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    • We ran out of room. My husband thought he’d hate his Kindle, but once he got used to it, he started to love it. I like paper and ink as much — maybe more — than most people, but reality bites. Unless you have a really HUGE house, there is a point of no return and we hit it. We still have several thousand books throughout the house, but at least we can breathe again. There’s room in the world for everything. I love my Kindle, but it isn’t right for every book and never will be. I haven’t given up buying books. I just buy very selectively.

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  5. Since retirement I rediscovered my love of reading. I have my Kindle that I love for its size, weight and easy to read print. I love the extremely long battery life between charges. I keep it in the bathroom where there might normally be magazines. I also have an original iPad that goes everywhere with me. It too has Kindle for iPad on it so that I can switch devices and keep right on reading. Finally, I have Kindle for Mac on my desktop iMac. It’s on my computer desk and allows me to continue reading the same book when the mood moves me.

    I’ve read over 50 books in the past two years which is a lot for me. I’m slowing down with my photography because of the cost of gas. I can only afford one 8 gallon tank of gas a month for my 40 mpg Smart car. I use my 72 mpg Piaggio scooter a lot but can’t tote a big tripod on it. I’m hoping my new Sony Alpha NEX-5N will allow me to carry a smaller tripod under the scooter’s seat. The lighter weight of the Sony will be fine for the small tripod.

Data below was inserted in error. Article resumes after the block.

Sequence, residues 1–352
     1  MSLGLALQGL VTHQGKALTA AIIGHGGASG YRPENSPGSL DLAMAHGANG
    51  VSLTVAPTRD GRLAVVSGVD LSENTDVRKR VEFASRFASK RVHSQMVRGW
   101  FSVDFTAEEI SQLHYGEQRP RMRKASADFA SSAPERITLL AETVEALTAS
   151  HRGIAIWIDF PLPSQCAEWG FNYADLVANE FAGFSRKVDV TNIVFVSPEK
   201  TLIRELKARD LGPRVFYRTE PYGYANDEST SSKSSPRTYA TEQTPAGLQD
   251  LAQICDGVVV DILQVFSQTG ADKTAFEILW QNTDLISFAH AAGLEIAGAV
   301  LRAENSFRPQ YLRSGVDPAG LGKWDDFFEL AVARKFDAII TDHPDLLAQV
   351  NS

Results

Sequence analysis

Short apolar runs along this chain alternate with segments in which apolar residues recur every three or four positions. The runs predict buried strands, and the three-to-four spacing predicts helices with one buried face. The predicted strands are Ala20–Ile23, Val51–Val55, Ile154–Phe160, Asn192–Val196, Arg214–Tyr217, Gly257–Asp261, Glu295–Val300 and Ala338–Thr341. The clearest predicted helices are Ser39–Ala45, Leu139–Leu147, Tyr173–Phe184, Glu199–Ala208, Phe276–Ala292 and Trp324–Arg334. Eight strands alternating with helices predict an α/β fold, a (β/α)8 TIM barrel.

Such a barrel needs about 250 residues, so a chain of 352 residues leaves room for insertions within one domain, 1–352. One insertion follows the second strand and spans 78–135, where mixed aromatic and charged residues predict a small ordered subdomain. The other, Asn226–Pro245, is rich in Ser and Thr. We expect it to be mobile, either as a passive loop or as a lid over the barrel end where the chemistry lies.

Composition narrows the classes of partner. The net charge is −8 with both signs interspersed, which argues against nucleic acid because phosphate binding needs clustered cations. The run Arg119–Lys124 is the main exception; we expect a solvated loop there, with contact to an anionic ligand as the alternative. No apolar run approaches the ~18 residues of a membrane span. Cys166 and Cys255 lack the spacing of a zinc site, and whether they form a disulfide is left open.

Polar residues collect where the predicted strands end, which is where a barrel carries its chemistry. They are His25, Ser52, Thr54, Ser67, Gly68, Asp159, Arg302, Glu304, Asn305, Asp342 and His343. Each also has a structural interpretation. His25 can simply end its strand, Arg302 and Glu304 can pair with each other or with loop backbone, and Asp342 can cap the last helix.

I tend to read science fiction a lot. Reality is depressing so this form of futuristic fiction lets me escape reality. I’m presently hooked on a huge series of books by S.M. Stirling on post apocalyptic earth. Anyway I’m rambling so I’ll end by saying that My love for reading can be directly tied to Amazon’s huge book selection and the Kindle.

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    • You can get the Kindle app for any computer. I have it installed on all my computers, even this one — my mini. Like you, I read a lot of sci fi and even more urban fantasy. I read thrillers, mysteries and straight history. Anything involving time travel and post-apocalyptic fiction too. You’re right. Life is depressing enough. More often than non, escape is what I’m looking for, not more reality.

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  6. I recently got an e reader but I still read a few paper books. I prefer paper for reading outdoors and love the feel of reading a paper book. I still pick up 2nd hand books and pass them on when read. I find the cost of e books crazy as they cost a fraction to produce and distribute.

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    • There’s room for everything until there isn’t. With 3 serious readers in one house, we couldn’t keep everything. We had thousands of books … no exaggeration. We have bookcases everywhere we can fit one. We had books doubled up on deep shelves, books sideways on top of other books. Books piled on the floor. A lifetime of books. Finally, we had to part with a lot of them. It hurt. Books are more than paper and ink. They are friends and memories. We kept reference books, 1st editions, favorites and rare books. We donated everything else wherever they were wanted. All went to good homes. Some were sufficiently valuable to be auctioned off for charity. If you are a reader, the day of reckoning eventually comes. But you’ve got time. Isn’t it wonderful to have so many choices?